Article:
An Islamic State chemical weapons expert was killed in a coalition airstrike last week near Mosul, Iraq, the US Central Command said in a statement on Friday.
Abu Malik, who was killed on 24 January, had been a chemical weapons engineer during the rule of Saddam Hussein and then affiliated himself with al Qaeda Iraq in 2005, Central Command said.
When he joined Islamic State, also known as ISIL, it gave the insurgent force a chemical weapons capability, the statement said. "His death is expected to temporarily degrade and disrupt the terrorist network and diminish ISIL's ability to potentially produce and use chemical weapons against innocent people," it added.
US officials had not publicly referred to Malik previously as a key figure.
There has been no sign that the IS group possesses a major chemical weapons arsenal. But there have been allegations the jihadists have employed chlorine gas, which is classified as a "choking agent", though not as lethal as nerve agents.
Abu Malik, also known as Salih Jasim Mohammed Falah al-Sabawi, had been "involved in operations to produce chemical weapons in 2005, and planned attacks in Mosul with AQI (al Qaeda in Iraq)," said a defence official.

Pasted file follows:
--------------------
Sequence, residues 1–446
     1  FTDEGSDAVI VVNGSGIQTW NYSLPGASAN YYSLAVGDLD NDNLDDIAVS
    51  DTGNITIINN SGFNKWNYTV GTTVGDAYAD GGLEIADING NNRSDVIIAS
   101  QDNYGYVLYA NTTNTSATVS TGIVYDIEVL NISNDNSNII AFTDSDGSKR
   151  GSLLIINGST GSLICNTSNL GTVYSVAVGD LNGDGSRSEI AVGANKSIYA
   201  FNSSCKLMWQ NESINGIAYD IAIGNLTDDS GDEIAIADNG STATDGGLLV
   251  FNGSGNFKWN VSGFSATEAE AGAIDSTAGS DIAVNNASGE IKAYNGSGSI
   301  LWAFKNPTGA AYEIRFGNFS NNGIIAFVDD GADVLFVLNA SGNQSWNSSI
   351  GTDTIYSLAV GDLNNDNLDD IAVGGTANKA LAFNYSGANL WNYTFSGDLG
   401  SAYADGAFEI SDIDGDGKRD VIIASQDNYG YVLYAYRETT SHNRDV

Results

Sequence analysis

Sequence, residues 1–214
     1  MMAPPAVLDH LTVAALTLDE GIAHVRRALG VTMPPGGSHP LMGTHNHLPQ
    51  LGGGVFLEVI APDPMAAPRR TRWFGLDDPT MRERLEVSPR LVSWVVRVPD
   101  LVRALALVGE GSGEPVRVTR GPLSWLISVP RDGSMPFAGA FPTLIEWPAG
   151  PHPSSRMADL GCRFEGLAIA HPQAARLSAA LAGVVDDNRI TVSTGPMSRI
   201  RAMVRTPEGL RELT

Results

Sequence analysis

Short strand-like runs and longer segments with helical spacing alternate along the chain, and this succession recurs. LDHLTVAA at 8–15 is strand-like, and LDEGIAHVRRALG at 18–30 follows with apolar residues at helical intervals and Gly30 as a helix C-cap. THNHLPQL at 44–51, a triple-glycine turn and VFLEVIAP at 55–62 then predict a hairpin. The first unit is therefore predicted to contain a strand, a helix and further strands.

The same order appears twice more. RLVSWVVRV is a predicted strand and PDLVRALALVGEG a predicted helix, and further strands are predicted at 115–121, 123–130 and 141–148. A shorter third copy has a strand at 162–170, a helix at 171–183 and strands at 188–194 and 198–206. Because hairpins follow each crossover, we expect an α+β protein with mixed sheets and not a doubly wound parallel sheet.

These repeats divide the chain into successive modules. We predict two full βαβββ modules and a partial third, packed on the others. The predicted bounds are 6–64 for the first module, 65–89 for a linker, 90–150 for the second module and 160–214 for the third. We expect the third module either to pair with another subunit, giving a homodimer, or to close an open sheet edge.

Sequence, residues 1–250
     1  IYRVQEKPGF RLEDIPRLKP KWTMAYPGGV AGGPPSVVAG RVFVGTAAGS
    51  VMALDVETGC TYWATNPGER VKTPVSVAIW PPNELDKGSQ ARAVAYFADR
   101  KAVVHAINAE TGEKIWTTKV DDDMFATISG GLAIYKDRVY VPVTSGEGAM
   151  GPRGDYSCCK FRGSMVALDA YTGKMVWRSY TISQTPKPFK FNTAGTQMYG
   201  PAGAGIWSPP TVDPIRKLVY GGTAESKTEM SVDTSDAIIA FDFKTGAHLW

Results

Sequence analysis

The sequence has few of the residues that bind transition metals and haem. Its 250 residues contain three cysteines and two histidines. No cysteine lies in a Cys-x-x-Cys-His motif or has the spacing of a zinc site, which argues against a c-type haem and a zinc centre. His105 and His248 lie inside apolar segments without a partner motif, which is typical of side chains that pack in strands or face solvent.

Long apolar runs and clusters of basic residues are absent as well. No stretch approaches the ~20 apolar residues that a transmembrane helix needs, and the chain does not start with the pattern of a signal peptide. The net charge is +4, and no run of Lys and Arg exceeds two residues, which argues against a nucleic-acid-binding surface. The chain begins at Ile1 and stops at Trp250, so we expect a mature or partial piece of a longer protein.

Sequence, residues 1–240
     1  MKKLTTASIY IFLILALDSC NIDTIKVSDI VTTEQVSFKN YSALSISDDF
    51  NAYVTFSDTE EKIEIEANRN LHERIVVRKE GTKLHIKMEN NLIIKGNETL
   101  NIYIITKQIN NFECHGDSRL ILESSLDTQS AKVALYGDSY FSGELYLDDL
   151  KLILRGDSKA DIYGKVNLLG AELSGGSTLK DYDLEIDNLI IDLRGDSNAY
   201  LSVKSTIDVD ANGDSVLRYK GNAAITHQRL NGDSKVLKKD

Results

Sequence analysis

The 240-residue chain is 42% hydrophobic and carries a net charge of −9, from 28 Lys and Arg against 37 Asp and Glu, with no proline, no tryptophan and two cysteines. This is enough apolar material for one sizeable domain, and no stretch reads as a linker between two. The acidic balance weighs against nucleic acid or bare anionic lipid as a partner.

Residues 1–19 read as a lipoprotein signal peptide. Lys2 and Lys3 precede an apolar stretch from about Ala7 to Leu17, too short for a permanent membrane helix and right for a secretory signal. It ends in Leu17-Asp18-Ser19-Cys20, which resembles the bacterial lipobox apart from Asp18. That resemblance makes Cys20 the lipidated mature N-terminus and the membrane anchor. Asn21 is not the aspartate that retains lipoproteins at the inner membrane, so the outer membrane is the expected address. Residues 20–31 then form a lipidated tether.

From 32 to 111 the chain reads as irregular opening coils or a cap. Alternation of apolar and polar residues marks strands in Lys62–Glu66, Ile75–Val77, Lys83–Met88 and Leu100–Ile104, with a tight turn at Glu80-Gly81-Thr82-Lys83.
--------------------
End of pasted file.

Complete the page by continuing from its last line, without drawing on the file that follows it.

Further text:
"Based on his training and experience, he was judged to be capable of creating harmful and deadly chemical agents," said the official.
"We know ISIL is attempting to pursue a chemical weapons capability, but we have no definitive confirmation that ISIL currently possess chemical weapons," the official said.
The US-led coalition has carried out more than 2,000 air raids against the IS group in Syria and Iraq since 8 August, including some bombing runs that targeted senior militants.